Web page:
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What do an organization providing assistance to farmers to move out of poverty, another organization focusing on improving building and home construction on an island prone to natural disasters, and another, a well-known global leader working to end poverty all have in common?
They all participated in the 2017 American Express Leadership Academy at Thunderbird School of Global Management.
The Academy at Thunderbird's curriculum focuses on preparing high-potential emerging leaders by:
Every year, the American Express Leadership Academy takes emerging leaders from non-profit/non-governmental organizations and helps them become more effective leaders, allowing them not only to have an increased impact on their organization, but also to teach others how to be more effective leaders.
Charles Ashimwe is a People Lead for the One Acre Fund, an organization that works to help small farmers in Africa emerge from poverty by providing agricultural inputs (grain, seed, etc.), technical assistance and training.
Ashimwe, who works across a wide swath of departments within the One Acre Fund, from human resources to the corporate operations team to the infrastructure team, said the Thunderbird experience has been invaluable.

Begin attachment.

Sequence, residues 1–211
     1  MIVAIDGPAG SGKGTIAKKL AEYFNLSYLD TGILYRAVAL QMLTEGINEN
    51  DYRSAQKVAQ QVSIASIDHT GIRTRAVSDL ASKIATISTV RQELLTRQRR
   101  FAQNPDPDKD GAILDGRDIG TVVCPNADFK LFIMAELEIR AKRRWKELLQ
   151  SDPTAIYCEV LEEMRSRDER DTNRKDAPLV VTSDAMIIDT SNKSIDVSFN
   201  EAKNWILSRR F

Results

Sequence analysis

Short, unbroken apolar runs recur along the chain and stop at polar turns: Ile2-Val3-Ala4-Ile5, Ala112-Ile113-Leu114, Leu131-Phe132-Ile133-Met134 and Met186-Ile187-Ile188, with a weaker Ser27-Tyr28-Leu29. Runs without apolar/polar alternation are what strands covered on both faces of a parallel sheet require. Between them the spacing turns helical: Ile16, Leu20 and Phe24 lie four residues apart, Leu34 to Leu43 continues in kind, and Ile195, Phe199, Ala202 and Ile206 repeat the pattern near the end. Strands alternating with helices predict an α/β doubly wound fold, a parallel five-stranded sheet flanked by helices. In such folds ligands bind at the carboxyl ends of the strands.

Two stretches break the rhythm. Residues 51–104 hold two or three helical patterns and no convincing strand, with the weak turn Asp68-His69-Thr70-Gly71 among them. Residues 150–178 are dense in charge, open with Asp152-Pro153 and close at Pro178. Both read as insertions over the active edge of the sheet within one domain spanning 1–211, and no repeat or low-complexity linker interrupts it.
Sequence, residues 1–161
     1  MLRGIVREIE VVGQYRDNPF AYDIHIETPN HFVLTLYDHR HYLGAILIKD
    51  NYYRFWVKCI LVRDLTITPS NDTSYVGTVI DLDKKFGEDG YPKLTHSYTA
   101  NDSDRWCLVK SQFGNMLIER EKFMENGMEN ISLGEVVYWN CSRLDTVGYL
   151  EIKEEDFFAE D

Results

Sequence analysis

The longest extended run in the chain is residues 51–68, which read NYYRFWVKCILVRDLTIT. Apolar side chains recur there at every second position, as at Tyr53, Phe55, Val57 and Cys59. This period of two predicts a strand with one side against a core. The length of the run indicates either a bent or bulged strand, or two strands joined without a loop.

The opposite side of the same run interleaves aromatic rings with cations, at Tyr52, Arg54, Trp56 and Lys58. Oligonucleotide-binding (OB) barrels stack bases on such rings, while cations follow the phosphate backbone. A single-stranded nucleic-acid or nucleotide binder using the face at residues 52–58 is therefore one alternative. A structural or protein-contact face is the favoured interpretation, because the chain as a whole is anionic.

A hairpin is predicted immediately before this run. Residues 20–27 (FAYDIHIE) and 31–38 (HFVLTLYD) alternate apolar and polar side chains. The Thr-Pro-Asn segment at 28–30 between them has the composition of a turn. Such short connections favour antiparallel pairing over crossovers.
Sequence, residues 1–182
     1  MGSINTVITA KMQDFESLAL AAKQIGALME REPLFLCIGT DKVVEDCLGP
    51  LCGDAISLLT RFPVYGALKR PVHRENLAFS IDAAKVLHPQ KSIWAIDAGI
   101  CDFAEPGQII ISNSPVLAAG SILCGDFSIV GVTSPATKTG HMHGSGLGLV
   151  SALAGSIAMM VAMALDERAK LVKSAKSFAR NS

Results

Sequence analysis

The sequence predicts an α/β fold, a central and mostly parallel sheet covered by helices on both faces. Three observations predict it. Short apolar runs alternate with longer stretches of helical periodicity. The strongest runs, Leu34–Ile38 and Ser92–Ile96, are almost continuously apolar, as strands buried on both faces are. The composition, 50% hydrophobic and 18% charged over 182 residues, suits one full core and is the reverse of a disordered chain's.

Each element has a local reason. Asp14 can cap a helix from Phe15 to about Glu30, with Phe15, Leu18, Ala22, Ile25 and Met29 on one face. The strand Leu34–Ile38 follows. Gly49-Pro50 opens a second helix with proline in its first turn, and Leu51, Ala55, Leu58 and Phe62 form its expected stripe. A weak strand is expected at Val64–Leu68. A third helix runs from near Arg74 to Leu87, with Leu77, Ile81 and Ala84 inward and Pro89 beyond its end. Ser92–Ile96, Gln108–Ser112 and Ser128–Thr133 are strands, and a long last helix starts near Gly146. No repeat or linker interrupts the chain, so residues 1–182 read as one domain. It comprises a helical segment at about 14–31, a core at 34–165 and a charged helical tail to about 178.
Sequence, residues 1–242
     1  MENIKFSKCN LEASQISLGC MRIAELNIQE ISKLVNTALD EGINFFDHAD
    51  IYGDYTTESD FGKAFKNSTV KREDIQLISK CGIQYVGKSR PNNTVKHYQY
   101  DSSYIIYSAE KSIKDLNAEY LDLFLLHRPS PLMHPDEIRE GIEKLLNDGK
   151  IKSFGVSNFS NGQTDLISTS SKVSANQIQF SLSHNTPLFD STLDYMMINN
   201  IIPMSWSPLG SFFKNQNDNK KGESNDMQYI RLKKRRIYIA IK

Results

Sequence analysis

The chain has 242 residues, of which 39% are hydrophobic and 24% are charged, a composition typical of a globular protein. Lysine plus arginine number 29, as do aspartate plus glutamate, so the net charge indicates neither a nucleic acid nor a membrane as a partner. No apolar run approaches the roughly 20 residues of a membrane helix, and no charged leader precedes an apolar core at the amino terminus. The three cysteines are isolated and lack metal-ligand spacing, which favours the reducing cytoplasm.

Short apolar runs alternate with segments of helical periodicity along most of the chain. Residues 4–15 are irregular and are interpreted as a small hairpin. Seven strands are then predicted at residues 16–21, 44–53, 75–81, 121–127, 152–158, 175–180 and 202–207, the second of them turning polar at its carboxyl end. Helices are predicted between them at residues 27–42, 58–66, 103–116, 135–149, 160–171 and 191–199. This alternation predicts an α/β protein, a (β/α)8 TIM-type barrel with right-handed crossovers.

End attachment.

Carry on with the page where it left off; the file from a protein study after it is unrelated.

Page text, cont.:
“I never would have imagined that I would learn so much within such a short period of time,” he said. “The instructors are amazing.”
Each team has a project they work on, with the idea of creating solutions to take back to the organization. For Ashimwe’s team, it was on increasing the value proposition for One Acre Fund’s employees and to increase the organizations’ branding and image.
“In the past, we’ve focused almost solely on serving more farmers. But with the branding and global mindset sessions we’ve had, my group believes it’s time to increase the support for One Acre Fund’s team,” he said. “This will allow us to scale our ability to serve even more farmers in a much better fashion.”
Another organization focused on ending global poverty is CARE USA. Emily Janoch and Lawanda Graham are from two different functions in CARE, but both have the same goal: digital transformation for the organization.
CARE works to fight poverty in over 90 countries. As a global organization, you would be correct in guessing they have a significant digital footprint to work with. And Janoch, Deputy Director of Research, Innovation, Evaluation and Learning for CARE’s Food Space initiatives, said the biggest challenge is trying to coordinate it all.
“Our challenge this week is how to take the 63 different digital platforms within CARE USA and make the technology easier to use and faster to access,” Janoch said. “We want to create a system where team members don’t have to think about it, but can just do their jobs.”
Graham, a Business Relationship Manager for CARE’s IT group, concurs.
“Our biggest challenge is digital transformation. We’d like to change the reputation of technology within CARE and get the staff around the world on board and excited about what technology can offer when it works and works well.”